Clayton State University Academic Conference April 6, 2012



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GRACIE'S CLOSET

Payal Patel, Jade Tate, Beverly Gomez & Keshra Blackman

Faculty Advisor: Beverly Wright

College of Business, Department of Marketing, Management, and Supply Chain

Abstract:

In 1986, a group of Fayette County citizens recognized the need to protect abused and neglected children by providing a safe haven for them.One of the organization's active services is Gracie’s Closet (GC).GC provides foster care children residing in south metro Atlanta with free clothing, baby gear, books, and school supplies. Items are either new or gently used.The mission of GC is to help foster children feel special by providing items they need.Our team was offered an excellent opportunity to conduct research on behalf of GC.This presentation will focus on the basic findings from the survey and the advance analysis of hypotheses.These research findings are being used to assist GC with their fund raising efforts for the organization.



On new bounds for the monophonic number of Cartesian products of graphs

Michael Ngo

Faculty Advisor: Elliot Krop

College of Information and Mathematical Sciences, Department of Mathematics

Abstract:

Given two vertices u,v in a graph G, a chordless path from u to v is also known as a monophonic path. Let JG[u,v] be the monophonic closed interval consisting of all vertices on all monophonic paths from u to v. For any subset of S of vertices of G, let JG[S] be the set of all monophonic intervals for every pair of vertices from S. A set S is called a monophonic set of G if JG[S] is the set of all vertices in G. The minimum cardinality of S, for all S subsets of vertices of G, so that JG[S] is a monophonic set, is called the monophonic number of G and is denoted mn(G). Finally, we mention some open problems in the subject. This talk will be self-contained and aimed at a general audience.



Implementation of UGAMP: A User Guided Adaptive Music Player

Christa Phillips & Christine Gardner

Faculty Advisor: Byron Jeff

College of Information and Mathematical Sciences, Department of Information Technology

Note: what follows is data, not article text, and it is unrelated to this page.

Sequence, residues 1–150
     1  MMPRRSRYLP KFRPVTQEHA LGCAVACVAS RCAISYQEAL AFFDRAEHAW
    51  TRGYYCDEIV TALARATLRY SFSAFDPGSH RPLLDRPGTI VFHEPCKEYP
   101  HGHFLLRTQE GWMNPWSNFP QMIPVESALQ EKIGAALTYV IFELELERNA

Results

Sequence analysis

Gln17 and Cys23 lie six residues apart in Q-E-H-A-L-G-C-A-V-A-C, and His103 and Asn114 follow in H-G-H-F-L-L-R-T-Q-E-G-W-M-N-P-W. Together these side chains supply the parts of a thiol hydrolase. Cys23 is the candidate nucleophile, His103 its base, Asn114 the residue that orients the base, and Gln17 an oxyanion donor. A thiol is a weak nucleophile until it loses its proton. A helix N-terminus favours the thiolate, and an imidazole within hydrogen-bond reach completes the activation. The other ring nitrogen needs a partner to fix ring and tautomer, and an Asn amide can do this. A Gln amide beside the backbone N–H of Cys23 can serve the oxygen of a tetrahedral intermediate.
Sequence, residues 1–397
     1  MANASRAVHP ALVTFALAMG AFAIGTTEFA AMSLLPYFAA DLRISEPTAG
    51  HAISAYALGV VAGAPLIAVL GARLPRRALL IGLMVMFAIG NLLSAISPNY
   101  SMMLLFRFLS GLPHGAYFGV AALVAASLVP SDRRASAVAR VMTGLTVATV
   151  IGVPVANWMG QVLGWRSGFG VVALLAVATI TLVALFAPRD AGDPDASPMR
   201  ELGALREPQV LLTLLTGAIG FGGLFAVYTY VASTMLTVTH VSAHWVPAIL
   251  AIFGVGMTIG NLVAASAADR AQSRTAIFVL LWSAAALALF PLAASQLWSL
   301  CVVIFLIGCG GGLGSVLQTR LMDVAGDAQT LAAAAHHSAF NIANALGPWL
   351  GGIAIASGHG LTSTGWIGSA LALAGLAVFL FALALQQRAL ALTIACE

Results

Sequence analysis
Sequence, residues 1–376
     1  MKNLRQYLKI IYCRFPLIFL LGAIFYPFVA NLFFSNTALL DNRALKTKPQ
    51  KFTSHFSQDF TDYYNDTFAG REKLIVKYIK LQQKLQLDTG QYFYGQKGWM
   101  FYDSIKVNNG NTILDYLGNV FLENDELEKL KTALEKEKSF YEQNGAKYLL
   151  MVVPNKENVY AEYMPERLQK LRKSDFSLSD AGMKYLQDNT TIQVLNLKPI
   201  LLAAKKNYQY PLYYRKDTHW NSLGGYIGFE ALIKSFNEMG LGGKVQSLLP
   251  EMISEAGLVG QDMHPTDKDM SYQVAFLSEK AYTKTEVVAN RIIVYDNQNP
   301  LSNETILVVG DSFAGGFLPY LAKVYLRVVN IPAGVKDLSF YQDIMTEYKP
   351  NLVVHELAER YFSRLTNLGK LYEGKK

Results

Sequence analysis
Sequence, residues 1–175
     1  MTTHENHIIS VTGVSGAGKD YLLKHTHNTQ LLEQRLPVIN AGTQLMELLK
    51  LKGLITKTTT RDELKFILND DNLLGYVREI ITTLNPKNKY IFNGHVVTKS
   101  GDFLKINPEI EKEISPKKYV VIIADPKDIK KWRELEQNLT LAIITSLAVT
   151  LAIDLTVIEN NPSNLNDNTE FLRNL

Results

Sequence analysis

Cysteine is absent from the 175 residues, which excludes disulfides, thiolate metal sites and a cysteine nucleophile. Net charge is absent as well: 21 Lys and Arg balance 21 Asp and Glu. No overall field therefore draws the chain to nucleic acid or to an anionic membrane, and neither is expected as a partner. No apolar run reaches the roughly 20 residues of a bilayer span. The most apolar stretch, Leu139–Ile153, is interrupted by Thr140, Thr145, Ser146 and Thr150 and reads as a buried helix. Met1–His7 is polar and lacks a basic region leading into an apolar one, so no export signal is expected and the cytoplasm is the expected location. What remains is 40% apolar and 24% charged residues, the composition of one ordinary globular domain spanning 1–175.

Abstract:

It is difficult to manage large music collections. Often uneven song selection with repetitive and skipped songs occur. To resolve this, a new algorithm does a true random shuffle using best RNG practices. Each song plays only one time per cycle with reshuffles between each cycle. Users load songs in groups. A user may not prefer every song in the group, forcing evaluation of each song for deletion. Instead, UGAMP records the ratio of the listening time compared to the actual length of the song. A decision to play or skip songs is based on this trending ratio. Liked songs can be "Super Played" more than once per cycle with an even distribution. UGAMP will run on the Motorola Xoom using Scripting Layer for Android development environment.



On Some Relations Between Chemical Indices On Trees

Marcus Bartlett

Faculty Advisor: Elliot Krop

College of Information and Mathematical Sciences, Department of Mathematics

Abstract:

The Wiener index of a graph G is defined to be the sum of distances between every pair of vertices of G. When G is a k-ary tree, Hua Wang found a surprising relation between this index and the sum of distances between every pair of leaf vertices of G (called the gamma index) and showed a counterexample for another conjectured functional relationship. In this note, we defined two new natural indices (the spinal index and the Bartlett index) which when summed with the gamma index above, yield the Wiener index. We then show analogous relations to that of Wang, produce a counterexample to a functional relation for the spinal index, and state a conjecture about the Bartlett index.